Secondary schools to start term wearing masks in classrooms
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Secondary school pupils in England will once again be asked to wear masks in classrooms when they return for the new term.
The government announcement comes days before the new term resumes in a bid to limit the threat to their educations posed by the Omicron variant.
The measures are scheduled to be in place until January 26, when Plan B regulations are scheduled to expire, and will be reviewed.
Schools in the region navigated a range of enhanced measures throughout November and December with face masks reintroduced in communal areas.
Geoff Barton, General Secretary of the Association of School and College Leaders (ASCL) said the group supported the reintroduction of masks in classrooms.
Mr Barton, former headteacher of the King Edward VI School in Bury St Edmunds, said: “While there are obvious drawbacks to the use of face coverings in classrooms, it is clear that the Omicron variant poses a very significant additional risk to education with the potential for further widespread disruption of schools, colleges, and young people.
“It is absolutely essential that everything possible is done to reduce transmission and ensure that children remain in school, and we therefore support the reintroduction of face coverings in classrooms for students in year 7 and above.
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“Face coverings are already advised in communal areas for pupils in year 7 and above. Pupils are accustomed to their use and we are sure the reintroduction of face coverings in classrooms is something that schools and colleges will take in their stride.”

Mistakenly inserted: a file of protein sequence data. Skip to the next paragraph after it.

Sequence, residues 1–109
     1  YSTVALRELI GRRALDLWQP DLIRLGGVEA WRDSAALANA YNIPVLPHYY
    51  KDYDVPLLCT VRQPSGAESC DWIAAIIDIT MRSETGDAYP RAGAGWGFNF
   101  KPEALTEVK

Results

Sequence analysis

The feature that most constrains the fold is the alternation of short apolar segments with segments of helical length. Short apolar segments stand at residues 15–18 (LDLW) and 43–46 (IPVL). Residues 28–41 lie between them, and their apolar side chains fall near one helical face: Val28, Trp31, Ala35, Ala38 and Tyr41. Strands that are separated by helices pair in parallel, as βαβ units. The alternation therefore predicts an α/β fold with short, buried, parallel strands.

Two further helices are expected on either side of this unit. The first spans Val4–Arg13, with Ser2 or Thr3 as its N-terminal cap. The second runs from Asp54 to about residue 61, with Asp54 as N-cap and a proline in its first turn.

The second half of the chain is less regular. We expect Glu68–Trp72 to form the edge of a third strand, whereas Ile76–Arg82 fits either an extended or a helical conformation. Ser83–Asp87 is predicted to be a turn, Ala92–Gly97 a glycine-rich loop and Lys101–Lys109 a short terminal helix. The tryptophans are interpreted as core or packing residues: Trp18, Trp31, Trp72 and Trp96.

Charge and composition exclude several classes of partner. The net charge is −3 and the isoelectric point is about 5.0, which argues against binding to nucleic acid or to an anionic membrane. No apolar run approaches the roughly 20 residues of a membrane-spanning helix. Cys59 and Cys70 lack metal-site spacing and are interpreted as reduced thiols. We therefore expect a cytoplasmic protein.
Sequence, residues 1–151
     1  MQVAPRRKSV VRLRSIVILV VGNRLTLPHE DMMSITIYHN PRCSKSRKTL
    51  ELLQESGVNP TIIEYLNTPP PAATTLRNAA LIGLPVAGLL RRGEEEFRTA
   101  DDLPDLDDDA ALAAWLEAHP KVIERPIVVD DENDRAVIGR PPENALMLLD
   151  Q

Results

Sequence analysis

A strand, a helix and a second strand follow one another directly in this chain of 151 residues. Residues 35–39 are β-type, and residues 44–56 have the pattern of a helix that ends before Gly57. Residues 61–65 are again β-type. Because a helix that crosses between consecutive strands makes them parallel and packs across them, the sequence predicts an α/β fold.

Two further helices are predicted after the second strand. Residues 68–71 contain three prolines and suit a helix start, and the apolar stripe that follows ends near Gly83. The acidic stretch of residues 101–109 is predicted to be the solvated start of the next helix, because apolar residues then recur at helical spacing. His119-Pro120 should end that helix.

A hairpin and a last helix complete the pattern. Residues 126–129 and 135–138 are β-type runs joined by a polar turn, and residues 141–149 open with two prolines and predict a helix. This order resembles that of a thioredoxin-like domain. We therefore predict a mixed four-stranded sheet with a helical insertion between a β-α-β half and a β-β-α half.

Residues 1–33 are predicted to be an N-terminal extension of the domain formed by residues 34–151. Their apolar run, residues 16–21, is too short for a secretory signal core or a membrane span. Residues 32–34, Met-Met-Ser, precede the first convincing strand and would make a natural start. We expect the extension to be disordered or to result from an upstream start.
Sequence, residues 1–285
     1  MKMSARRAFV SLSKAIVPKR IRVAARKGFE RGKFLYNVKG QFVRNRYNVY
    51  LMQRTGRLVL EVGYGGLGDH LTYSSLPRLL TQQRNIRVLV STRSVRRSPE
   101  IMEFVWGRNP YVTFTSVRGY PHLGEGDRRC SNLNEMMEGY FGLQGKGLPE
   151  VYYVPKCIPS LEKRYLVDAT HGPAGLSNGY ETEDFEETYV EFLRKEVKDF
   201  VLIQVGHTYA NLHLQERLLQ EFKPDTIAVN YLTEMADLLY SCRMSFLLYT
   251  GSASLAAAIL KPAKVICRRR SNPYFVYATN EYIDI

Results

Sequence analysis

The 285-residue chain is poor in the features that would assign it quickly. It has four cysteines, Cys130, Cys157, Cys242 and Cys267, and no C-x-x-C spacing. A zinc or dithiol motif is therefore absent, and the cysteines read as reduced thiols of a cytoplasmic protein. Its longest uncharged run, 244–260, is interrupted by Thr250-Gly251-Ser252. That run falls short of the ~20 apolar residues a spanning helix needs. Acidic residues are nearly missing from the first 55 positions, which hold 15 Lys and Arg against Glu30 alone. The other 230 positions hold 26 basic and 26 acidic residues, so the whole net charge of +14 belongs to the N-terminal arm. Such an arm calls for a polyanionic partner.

Last term Suffolk County Council introduced a new three tier protocol advising schools on actions to take if they saw Covid cases creeping up.
The Department of Education will also provide 7,000 more air cleaning units to schools, colleges and early learning settings to improve ventilation.
On Saturday evening, six educational trade unions urged the government to offer improved financial support to schools and colleges for the costs of supply staff to cover for Covid-related absences.
Mr Barton warned that disruption to staffing levels caused by the Omicron variant could mean some classes and year groups are forced to learn from home.
“All of this is a recognition by the Government that the spring term will be extremely challenging for schools and colleges,” he said.
“The biggest problem they face is the likelihood of high levels of staff absence caused by the prevalence of the Omicron variant.
“While schools and colleges will do their very best to minimise the impact on pupils, as they always do, there is a possibility that this will mean that some classes and year groups have to be sent home for short periods of time to learn remotely.”